Enrichment of voltage-gated sodium channels to nodes of Ranvier is vital for the proper conductance of the nerve impulse in a saltatory manner. While myelination and the interaction of glia with axons facilitates the segregation of ion channels within specific subcellular axonal domains, the exact mechanisms governing the formation, organization and maintenance of the node are elusive. Recently, a group of cell adhesions molecules, known as Neurofascins (Nfasc), have been implicated in the coordination and stabilization of axonal domains. Two major isoforms have been characterized and are shown to be spatio-temporally regulated during development. NfascNF155 (NF155) is expressed specifically in glia within the paranodal myelin loops, while NfascNF186 (NF186), is enriched at the nodes of Ranvier and expressed specifically in neurons. Genetic ablation of Nfasc in mice resulted in the absolute disorganization of axonal domains (the node, paranode, and juxtaparanode), loss of both isoforms, and death at postnatal day 7, which has significantly hindered the examination of the individual roles of each isoform in nodal development, coordination, and stabilization. In this proposal, we seek to use a combination of genetic, cell biological, physiological and biochemical methods to determine the specific role of NF186 in nodal formation and the role of Nfascs during long-term axonal domain organization, axonal integrity and axonal function.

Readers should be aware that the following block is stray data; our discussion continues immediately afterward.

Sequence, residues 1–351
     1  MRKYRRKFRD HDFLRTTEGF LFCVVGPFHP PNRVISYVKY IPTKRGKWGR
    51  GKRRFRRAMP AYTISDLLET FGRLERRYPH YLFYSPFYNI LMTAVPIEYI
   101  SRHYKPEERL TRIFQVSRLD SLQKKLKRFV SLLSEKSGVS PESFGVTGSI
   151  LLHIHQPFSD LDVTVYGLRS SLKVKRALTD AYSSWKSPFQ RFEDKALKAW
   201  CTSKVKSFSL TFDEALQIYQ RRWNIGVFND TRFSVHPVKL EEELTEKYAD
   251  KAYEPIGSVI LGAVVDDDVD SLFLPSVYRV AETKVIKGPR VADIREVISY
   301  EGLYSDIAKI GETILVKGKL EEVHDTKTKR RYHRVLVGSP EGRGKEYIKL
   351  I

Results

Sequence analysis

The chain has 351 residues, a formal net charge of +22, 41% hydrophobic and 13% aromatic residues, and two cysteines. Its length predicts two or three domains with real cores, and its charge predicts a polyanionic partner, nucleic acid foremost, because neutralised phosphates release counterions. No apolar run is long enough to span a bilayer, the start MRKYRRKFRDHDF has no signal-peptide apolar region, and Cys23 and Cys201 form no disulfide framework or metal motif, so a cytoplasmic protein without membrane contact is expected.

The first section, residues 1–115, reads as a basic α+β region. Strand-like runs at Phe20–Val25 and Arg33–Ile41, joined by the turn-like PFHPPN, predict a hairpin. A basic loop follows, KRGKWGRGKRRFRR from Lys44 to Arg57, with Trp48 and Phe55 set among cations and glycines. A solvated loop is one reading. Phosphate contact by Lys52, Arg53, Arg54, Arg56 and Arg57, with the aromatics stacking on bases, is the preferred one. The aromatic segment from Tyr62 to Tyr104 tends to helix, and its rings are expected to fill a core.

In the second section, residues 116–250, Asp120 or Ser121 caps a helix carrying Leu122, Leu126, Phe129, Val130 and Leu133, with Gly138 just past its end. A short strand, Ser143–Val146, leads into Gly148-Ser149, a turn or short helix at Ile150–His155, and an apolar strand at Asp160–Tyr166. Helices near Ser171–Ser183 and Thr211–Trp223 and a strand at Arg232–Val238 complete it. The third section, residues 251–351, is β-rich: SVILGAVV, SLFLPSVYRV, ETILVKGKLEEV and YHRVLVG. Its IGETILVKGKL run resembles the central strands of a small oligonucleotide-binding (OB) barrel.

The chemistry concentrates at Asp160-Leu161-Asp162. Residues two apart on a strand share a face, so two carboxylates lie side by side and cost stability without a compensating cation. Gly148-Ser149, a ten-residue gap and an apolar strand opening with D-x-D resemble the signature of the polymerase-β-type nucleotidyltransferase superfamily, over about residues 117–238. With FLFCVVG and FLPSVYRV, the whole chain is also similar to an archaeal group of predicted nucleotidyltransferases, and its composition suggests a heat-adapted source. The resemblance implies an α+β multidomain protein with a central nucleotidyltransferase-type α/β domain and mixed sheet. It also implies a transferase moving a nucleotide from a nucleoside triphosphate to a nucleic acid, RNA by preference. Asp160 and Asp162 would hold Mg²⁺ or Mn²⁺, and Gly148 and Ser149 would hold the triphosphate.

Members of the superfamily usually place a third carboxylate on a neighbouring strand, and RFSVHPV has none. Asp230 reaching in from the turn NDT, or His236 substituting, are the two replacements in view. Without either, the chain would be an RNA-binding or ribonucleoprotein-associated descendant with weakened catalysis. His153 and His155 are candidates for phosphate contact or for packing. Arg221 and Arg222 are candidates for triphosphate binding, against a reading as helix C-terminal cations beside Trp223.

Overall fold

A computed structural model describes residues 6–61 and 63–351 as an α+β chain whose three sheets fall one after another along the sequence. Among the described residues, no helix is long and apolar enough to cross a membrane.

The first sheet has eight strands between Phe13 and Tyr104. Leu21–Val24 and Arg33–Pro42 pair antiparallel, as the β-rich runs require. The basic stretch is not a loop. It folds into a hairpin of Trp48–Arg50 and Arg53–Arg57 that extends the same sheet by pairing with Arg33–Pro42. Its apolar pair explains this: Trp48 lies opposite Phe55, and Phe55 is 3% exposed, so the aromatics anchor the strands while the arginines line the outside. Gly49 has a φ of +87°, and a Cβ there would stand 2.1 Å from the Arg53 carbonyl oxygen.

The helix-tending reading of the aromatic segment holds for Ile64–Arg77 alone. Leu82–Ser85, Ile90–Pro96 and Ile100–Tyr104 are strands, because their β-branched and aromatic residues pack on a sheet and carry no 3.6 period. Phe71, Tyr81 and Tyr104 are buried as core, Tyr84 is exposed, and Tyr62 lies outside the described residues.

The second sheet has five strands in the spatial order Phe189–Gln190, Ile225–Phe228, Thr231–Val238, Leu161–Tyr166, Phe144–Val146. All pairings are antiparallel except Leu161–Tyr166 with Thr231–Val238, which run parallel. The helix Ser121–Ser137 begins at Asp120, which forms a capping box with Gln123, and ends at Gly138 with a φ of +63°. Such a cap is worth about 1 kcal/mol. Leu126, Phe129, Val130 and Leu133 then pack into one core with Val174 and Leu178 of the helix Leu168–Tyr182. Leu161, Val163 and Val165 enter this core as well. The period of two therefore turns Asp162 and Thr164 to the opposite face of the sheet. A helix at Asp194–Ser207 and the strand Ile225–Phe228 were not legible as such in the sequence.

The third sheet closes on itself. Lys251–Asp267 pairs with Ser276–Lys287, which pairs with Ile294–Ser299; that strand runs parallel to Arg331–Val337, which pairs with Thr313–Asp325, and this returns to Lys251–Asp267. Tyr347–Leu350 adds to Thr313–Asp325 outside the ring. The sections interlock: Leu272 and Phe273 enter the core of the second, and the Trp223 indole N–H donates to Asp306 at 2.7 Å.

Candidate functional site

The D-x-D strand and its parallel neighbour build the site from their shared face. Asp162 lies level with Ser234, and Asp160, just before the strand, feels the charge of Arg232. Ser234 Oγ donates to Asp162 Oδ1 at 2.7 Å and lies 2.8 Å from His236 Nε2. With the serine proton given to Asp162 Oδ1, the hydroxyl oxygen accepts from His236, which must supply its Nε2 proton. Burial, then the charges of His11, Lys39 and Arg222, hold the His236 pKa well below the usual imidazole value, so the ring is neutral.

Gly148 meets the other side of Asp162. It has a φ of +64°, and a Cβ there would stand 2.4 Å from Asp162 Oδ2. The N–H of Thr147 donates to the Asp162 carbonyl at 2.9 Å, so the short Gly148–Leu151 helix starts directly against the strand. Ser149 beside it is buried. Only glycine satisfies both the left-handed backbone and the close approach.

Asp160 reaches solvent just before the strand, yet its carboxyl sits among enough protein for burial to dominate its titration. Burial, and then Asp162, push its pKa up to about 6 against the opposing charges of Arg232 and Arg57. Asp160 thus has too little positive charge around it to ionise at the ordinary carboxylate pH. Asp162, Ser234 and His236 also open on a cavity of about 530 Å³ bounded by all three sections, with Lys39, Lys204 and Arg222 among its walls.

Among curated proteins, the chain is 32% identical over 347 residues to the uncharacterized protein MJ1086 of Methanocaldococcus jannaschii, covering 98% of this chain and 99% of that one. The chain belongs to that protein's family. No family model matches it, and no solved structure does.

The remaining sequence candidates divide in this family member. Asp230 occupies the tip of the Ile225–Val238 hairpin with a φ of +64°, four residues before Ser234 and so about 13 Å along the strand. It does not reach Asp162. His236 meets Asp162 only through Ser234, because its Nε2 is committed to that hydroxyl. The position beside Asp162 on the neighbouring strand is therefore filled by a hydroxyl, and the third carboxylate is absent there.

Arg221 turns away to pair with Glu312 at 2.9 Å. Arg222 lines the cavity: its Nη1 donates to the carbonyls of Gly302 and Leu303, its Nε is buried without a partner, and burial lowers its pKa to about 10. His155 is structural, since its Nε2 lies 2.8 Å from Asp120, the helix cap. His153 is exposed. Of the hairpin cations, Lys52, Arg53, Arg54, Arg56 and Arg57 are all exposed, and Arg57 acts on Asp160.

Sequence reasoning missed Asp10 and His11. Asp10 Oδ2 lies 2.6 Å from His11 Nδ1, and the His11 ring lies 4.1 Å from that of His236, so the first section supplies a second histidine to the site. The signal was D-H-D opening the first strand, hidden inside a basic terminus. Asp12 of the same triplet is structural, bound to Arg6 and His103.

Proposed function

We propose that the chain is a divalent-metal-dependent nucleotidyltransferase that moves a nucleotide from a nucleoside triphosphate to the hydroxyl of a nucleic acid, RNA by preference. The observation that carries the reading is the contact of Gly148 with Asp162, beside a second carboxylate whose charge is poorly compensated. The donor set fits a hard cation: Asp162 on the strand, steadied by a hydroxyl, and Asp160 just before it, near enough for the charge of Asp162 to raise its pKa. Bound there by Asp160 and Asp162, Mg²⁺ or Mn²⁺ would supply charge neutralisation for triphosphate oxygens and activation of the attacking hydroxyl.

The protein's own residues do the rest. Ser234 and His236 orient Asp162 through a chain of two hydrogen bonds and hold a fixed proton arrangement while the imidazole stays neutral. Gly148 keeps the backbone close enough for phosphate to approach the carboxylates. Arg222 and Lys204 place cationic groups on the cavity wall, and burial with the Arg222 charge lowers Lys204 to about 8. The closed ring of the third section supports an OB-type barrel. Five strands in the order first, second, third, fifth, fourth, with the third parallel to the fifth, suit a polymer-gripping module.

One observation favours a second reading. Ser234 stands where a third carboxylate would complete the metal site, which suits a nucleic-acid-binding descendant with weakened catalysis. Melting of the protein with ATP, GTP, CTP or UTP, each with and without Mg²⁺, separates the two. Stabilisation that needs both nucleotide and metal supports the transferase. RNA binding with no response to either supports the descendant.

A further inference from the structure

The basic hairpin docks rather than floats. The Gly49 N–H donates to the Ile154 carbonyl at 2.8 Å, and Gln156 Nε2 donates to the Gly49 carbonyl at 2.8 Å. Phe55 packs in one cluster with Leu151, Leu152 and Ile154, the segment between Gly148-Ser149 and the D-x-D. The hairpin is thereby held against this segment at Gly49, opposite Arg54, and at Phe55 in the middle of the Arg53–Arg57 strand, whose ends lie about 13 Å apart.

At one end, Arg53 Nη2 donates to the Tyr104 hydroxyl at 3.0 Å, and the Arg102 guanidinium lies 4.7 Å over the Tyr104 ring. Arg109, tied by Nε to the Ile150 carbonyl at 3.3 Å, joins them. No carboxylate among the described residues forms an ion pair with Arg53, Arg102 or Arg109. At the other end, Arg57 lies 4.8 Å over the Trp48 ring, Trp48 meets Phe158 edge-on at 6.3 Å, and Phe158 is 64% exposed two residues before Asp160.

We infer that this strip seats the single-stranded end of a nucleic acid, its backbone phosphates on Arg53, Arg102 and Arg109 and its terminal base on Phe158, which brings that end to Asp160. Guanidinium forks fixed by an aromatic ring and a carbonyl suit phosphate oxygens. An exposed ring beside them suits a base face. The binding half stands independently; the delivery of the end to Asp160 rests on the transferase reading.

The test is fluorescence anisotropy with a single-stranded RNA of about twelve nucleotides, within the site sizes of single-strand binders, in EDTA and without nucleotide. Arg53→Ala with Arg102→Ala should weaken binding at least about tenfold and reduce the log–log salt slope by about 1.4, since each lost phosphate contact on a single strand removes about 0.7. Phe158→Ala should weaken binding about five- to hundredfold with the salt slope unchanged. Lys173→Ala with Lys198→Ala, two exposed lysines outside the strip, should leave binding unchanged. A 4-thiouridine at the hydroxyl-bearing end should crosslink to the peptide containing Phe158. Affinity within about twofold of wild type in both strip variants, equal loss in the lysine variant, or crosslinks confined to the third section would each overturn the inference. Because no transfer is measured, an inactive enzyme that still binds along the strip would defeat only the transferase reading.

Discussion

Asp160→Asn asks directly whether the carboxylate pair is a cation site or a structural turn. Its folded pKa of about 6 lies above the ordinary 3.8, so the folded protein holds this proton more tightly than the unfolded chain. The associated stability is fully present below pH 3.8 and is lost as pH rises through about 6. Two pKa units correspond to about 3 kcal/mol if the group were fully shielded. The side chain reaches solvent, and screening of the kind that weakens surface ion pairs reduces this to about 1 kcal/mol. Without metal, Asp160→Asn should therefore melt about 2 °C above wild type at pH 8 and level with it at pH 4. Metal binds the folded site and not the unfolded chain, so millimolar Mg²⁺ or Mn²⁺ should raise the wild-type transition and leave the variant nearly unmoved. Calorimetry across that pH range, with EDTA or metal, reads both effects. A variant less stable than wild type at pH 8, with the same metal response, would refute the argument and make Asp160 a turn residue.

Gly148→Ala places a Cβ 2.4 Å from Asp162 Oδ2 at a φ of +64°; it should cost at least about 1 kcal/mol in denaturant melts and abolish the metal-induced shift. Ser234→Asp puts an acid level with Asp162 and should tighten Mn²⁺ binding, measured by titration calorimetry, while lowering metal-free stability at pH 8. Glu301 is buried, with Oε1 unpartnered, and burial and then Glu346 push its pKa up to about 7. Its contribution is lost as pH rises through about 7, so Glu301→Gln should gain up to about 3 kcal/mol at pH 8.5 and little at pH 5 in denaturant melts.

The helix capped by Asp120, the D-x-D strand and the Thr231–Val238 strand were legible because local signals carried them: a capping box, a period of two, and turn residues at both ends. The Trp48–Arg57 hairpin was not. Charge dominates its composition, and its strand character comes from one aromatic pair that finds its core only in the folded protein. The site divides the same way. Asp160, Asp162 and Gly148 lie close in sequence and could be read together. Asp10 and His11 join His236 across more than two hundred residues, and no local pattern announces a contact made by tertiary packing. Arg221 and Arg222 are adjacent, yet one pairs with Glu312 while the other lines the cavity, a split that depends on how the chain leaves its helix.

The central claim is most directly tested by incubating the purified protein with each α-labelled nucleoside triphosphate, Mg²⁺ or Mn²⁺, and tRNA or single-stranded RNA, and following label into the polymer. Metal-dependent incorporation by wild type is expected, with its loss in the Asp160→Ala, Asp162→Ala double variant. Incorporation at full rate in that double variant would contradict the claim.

Our specific aims are to: 1. Determine the role of NF86 during nodal biogenesis and development. 2. Determine the role of NF186 in the long-term maintenance and stabilization of axonal domains. 3. Determine whether loss of neurofascins in adults results in axonal degeneration.
The recent implication of Neurofascins in disease progression and pathology in demyelinating diseases, such as multiple sclerosis, has brought considerable focus towards the elucidation of their functions during axonal domain organization, axonal stability and axonal function. The studies proposed here will help to provide considerable insight into the individual and collective functions of Neurofascins to nodal formation and stabilization, as well as overall axonal domain organization and stability. It is likely that these studies will contribute towards the future development of therapeutic strategies that will allow for the treatment of afflicted individuals, through the restoration of the intimate relationship between axons and glia.